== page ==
Great job – thank you!!!

  3. Hi Nathan, good to hear that you like the idea. I’m happy that someone agree with me 🙂

    You might be right about that these variables need be the same. I have all set to 4 (except c-indent-level which does not seem to be defined), and I have never tried with any different values. If I find time for it, I will try look into it to save some time for the next person than stumbles upon this post. Thanks for you feedback.

  4. Brilliant idea. Why this isn’t default in emacs is also a mystery to me.
    My emacs 22.1.1 is running into the following error:
    save-excursion: Symbol’s function definition is void: do
    Do you by any chance know where this ‘do’ function can be loaded from? Or how it is defined?
    Looking forward to get my code indent-aligned in a flexible way.

  5. Hi Markus. I have the `do’ function available without loading anything except what is default on Ubuntu. The documentation states that `do’ is a Common Lisp macro, so I believe it should be available without doing anything special. However, I use the snapshot of Emacs 23.

    What you can do in order to debug a bit is to try to type `C-h f do’ to see if you get the documentation of the function. Or try to run the simple snippet (do () (nil) (message "hello world")) from within Emacs. Put the marker behind the last parentheses and hit `C-x e’. “hello world” should be output in the message area. (`C-g’ to abort the loop.)

    If the above works, you should try to run the alignment code from a clean .emacs file. Save the code found at into a separate file, e.g. `.emacs-indent-debug’, and start emacs with `emacs -l .emacs-indent-debug’. Try to open a c-file and see if the indentation works now. Good luck!

  6. Hi Stianse,
    Thanks for your help. “Common Lisp” was the answer.
    To get the ‘do’ function, add
    (require ‘cl)
    either in your ~/.emacs, or at the start of the script.
    And it works perfect.
    Thanks for your great job.

  7. A more general method is to temporarily change the “tab width” and the “indentation offset” to a very large value while indenting. E.g., we go from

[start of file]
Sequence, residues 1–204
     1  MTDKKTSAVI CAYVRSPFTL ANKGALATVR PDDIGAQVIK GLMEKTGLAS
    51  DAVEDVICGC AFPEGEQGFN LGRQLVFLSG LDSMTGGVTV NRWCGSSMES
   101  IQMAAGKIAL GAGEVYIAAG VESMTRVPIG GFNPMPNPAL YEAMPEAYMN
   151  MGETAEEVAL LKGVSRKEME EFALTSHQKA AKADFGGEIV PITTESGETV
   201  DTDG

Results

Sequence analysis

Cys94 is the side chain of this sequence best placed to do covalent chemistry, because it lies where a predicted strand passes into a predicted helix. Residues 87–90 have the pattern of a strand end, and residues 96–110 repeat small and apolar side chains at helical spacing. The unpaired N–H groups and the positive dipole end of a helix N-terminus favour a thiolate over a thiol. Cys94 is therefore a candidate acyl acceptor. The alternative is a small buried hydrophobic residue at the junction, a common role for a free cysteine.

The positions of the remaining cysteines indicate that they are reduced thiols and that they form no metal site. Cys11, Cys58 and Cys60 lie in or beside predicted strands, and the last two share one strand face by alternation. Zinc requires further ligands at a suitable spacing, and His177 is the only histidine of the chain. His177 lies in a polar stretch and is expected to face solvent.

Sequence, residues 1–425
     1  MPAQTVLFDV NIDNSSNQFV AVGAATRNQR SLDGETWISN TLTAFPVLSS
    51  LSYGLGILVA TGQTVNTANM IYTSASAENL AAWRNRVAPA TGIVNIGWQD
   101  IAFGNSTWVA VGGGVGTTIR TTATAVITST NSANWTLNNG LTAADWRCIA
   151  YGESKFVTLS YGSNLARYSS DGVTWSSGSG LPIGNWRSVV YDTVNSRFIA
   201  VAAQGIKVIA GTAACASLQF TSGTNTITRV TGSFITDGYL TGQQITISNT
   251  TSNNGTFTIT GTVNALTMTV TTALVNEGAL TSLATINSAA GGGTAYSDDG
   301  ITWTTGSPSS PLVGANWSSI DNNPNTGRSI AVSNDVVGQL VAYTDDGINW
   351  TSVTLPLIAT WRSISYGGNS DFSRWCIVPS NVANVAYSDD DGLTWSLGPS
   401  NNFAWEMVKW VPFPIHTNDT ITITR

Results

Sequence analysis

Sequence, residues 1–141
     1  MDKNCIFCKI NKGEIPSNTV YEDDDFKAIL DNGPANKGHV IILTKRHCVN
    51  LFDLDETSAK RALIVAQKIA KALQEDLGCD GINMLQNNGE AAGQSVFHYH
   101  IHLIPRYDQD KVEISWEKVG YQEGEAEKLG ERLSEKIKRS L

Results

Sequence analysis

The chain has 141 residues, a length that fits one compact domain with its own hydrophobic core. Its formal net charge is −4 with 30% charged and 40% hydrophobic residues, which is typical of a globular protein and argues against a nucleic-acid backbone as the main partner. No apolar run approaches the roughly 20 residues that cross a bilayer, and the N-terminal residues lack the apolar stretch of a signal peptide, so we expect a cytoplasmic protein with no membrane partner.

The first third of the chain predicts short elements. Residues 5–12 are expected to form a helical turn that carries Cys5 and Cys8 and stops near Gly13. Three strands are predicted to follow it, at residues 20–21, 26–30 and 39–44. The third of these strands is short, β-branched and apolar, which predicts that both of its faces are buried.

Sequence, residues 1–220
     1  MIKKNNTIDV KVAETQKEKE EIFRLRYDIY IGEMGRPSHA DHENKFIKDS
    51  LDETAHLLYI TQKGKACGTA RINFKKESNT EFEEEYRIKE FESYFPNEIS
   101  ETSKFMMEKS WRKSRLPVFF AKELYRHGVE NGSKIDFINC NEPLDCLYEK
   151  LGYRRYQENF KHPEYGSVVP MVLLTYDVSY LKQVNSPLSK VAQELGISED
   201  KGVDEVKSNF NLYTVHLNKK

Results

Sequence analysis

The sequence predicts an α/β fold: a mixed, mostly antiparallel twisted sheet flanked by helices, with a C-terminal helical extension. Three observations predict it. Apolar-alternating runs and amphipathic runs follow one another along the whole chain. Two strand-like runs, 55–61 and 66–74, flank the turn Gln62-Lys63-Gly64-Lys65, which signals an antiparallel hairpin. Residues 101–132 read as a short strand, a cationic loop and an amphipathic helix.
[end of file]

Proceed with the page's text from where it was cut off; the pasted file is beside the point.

int f(int x,
    int y) {
    return g(x,

    to (indenting with a large value)

    int f(int x,
    ······int y) {
    »                       return g(x,
    »                       ·········y);

    to (changing the value back)

    int f(int x,
    ······int y) {
    »   return g(x,
    »   ·········y);

    This works because (1) setting the tab width and indentation offset to the same value ensures that all “instances” of the offset are encoded as tabs, (2) using a value that is larger than any amount of alignment forces spaces to be used for the rest.

    Example Emacs code:

    (defadvice c-indent-line (around smart-tabs activate)
    (setq tab-width tab-width)
    (let ((indent-tabs-mode t)
    (tab-width fill-column)
    (c-basic-offset fill-column))

    It is more general because it does not require us to know very much about the language itself. E.g., for Perl, just replace “c-indent-line” with “cperl-indent-line” and “c-basic-offset” with “cperl-indent-level”.

    See for more details and examples.

  8. @marius: Nice approach. Good to see that the solutions for this indentation problem are improving, that is becoming smarter/simpler and more general. Haven’t got around to test SmartTabs myself yet, but I will.

  9. By the way, could you fix the formatting of my previous comment? 🙂 A fixed-width font is required to line things up.

  10. Done. The indentation in the lisp snippet didn’t want to be displayed properly though, but I figured that’s not so important.

  11. “Tab indent & space align” is the same conclusion I came to after weighing up all the options. Once I acknowledged that “indentation” and “alignment” are actually 2 different problems, I realized that it was perfectly fine to have 2 different solutions.

  12. Super great article. Really.

  13. I’ve been a fan of this style for quite a while too. However, it is a bit difficult for other developers to understand or notice immediately. If you’re working on a team, it’s not uncommon to have other developers unintentionally mess up your code because their editor isn’t properly configured.